Depression is one of the most misused words in the English language. It often appears in casual conversation as though it were an everyday phenomenon. People say, "I'm depressed over the C I got on my test," or "I'm depressed because Ned didn't call," or "I'm depressed about my chances of getting into a good college." Because the word is used so casually it becomes difficult to get people to hear and understand when you are really depressed--say after the death of someone close to you.

Do you feel empty inside, devoid of interest in anything? Do you wish you didn't have to get up in the morning? Are you unable to concentrate? Do you no longer care how you dress or how you look? Do you want to spend all your time in your room? Do you refuse to take phone calls? Has music become depressing to you? Have you lost your appetite? Are you getting behind in your school work? Are you having difficulty sleeping--or sleeping too much?

Feeling depressed is part of the grieving process...like the healing of a wound; you don't have to feel guilty about it.

When a loved one dies, people who feel like this are experiencing what is called "bereavement depression." It's real depression, but it's different from other kinds of depression in that its cause is immediately apparent and its duration is likely to be a lot shorter. Of course, for you right now, it may be hard to see anything changing, and the prospect of feeling better may seem pretty remote.

Feeling depressed is part of the grieving process, which we all have to go through when we have suffered a great loss, like the death of a loved one. It's somewhat like the healing of a wound; you don't have to feel guilty about it. On the other hand, it's important that you not allow your sorrow to immobilize your life since, no matter what you are thinking right now, you still have a life to live.

Empty as you may feel right now, angry or fearful or guilt-ridden as you may be, you clearly don't want to go on feeling miserable. Here and now there are some things you can do to help yourself.

The first thing you can do is talk about the person who died. You will be amazed at how much better you will feel once you do this. Talk with your parents, your siblings, and your friends--in any order you wish. Don't just talk about how your loved one died; talk about the good times you had and the bad, too. Encourage others to tell about what they remember. If people seem to be tiring of the topic, let them know how important it is to you. If they seem to be burning out, find others to talk to. Your counselor at school might be one.

When people are grieving, it's often as if they were lost in space. If you find yourself confused, having difficulty getting things done, I suggest that you put yourself on a schedule. Write it down and pin it to the wall--a certain time to get up, a time to get dressed, a time to do your homework. But make the schedule manageable so that you will feel you have accomplished something by the end of the day.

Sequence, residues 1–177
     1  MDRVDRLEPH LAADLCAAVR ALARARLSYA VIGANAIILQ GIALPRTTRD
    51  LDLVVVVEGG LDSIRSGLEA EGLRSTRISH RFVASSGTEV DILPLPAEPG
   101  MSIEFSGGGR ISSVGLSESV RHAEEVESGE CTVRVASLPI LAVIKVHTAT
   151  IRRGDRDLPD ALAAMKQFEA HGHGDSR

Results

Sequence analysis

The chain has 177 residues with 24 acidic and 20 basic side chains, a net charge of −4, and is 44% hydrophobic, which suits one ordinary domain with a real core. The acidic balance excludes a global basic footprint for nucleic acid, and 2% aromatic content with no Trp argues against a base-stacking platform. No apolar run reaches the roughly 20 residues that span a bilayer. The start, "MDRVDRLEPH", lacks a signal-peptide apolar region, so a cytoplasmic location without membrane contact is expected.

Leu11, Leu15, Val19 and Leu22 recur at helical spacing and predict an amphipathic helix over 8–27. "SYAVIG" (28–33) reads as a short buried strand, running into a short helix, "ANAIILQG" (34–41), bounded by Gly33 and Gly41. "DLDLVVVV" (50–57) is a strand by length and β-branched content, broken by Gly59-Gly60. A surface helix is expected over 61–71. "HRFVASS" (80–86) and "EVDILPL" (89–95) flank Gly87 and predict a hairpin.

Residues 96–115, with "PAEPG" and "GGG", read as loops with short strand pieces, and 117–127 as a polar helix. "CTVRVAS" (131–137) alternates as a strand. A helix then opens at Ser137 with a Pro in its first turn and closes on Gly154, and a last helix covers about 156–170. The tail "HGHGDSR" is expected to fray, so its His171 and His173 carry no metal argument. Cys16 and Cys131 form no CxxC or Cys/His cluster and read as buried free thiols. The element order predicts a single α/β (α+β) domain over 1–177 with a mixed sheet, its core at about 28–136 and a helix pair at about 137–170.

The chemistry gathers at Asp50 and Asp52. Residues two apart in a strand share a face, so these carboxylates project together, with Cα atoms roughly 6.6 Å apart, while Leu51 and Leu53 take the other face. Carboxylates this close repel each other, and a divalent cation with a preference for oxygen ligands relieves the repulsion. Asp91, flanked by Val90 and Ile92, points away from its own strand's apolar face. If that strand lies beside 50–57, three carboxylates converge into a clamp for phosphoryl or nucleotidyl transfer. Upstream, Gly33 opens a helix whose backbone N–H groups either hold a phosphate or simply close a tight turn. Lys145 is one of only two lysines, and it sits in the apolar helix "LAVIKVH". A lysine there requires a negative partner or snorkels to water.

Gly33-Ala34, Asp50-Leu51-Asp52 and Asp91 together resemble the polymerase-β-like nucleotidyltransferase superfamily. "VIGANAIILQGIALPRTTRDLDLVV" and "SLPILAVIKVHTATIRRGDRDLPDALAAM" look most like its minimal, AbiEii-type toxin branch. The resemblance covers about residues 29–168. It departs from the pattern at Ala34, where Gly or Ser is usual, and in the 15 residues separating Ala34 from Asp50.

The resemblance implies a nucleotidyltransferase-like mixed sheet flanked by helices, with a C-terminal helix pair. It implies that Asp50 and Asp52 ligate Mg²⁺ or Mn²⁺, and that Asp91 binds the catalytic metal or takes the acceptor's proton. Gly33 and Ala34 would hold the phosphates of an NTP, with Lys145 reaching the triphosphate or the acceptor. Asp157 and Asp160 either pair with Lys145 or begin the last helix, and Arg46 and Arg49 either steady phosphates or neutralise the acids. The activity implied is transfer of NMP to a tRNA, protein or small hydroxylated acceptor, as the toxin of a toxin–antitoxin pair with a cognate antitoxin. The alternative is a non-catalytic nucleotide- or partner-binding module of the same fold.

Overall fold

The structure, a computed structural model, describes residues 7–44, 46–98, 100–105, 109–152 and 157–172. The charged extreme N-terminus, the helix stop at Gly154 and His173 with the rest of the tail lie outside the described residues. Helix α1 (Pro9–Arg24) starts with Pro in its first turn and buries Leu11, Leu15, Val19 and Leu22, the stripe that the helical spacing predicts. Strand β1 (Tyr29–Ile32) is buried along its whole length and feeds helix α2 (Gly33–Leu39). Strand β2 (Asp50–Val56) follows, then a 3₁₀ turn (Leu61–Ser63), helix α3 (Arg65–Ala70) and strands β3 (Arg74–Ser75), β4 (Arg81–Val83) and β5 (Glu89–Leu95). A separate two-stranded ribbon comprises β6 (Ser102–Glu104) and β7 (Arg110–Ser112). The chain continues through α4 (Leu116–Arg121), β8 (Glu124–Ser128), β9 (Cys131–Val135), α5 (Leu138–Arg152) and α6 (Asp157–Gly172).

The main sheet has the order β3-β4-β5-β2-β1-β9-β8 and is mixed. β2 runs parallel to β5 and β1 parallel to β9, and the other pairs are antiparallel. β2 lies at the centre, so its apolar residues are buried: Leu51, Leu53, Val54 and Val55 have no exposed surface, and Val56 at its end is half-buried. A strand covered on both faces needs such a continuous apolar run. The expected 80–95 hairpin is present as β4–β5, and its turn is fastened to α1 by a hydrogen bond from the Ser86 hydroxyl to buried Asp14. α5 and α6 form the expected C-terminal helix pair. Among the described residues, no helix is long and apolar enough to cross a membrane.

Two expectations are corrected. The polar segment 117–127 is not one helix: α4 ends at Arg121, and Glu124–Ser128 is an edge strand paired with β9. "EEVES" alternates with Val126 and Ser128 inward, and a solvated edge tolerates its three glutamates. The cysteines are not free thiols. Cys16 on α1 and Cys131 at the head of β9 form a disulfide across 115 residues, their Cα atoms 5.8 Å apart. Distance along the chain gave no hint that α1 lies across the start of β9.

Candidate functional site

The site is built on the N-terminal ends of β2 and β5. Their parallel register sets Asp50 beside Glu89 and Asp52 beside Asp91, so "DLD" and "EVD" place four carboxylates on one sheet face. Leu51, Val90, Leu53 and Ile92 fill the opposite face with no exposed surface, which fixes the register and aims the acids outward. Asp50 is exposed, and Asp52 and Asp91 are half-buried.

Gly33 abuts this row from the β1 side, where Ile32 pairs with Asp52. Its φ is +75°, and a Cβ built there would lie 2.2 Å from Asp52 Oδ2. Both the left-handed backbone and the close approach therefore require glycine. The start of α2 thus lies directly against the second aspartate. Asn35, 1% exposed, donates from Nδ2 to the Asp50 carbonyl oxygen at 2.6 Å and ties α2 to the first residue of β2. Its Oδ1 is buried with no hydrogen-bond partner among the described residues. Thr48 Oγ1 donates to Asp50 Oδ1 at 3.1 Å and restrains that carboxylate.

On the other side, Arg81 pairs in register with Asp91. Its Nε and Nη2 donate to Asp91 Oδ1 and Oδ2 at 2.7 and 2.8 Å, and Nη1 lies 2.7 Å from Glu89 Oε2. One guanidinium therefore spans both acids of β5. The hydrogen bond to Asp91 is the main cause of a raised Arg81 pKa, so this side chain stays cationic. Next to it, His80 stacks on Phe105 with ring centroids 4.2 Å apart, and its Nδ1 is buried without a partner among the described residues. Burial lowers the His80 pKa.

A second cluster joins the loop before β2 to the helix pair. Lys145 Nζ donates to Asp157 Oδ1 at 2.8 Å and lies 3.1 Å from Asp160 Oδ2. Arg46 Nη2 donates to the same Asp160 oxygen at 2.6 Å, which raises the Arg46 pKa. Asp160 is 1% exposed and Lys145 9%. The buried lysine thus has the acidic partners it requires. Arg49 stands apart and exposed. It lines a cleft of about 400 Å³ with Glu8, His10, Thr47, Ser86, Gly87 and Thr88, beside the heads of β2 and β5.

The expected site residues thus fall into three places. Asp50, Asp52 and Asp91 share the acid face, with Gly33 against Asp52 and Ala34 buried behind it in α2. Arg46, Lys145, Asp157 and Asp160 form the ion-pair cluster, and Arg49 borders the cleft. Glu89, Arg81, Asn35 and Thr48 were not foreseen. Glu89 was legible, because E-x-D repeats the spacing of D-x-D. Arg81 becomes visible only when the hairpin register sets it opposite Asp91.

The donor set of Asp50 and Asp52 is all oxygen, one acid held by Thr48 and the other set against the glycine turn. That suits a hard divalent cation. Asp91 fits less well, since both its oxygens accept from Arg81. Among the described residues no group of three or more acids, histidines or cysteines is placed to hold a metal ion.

Make up a scrapbook of pictures, newspaper clippings, or other memorabilia of your loved one's life. Or put together a collage of photos from magazines and newspapers that tell the story of that person's life.

Write a poem, compose a song, or do a painting or sculpture dedicated to his or her life.

If there are home videos of the person who died, you could assemble your own documentary of scenes from his or her life. I know of one young man who did this with footage shot by his grandfather, a rank amateur, and the result was a work of art that is now treasured by everyone in the family.

Expressing your love in some such way, bringing your feelings out into the open, should help relieve your depression and enable you to start thinking about your own life and your own future.

What you don't want to do, is look for quick fixes that aren't fixes at all. I have worked with many teenagers who have turned to drugs, alcohol, or sexual promiscuity in search of relief, and without exception they have regretted it later. They have been embarrassed even to tell me about it.

There is also the possibility that the depression you are experiencing is not simply short-term. You could be caught up in a more serious, or "clinical" depression, and if so you may need help from a mental health professional. This is particularly important to consider if you have had serious depression in the past or if these symptoms continue for any length of time.

So is your depression of the short-term variety, or is it more serious? One way to judge this is how long it is enduring. Bereavement depression usually responds to the approaches I have mentioned within a week or two. If you are continuing to feel listless, lost in space, having trouble sleeping, getting behind in your studies, you probably need professional help. If you are thinking of yourself as worthless, without a future, and thinking dark thoughts about "ending it all," waste no time finding that help.

Depression is serious business, and sometimes otherwise healthy people need professional help to come out of it. Talk to your parents, consult your pastor or rabbi, or ask your school counselor to make the necessary arrangements. There may even be a group you could attend for grieving teens. Just know that you don't have to continue being depressed. No matter where you live or what your circumstances may be, there is help out there for you.

Do you have comments about this column, or questions you would like Helen to address in future columns? While she cannot respond personally to each message, Helen will select representative questions to answer in her weekly column. Send an email to: columnists@staff.beliefnet.com and be sure to include "Fitzgerald" in the subject line.

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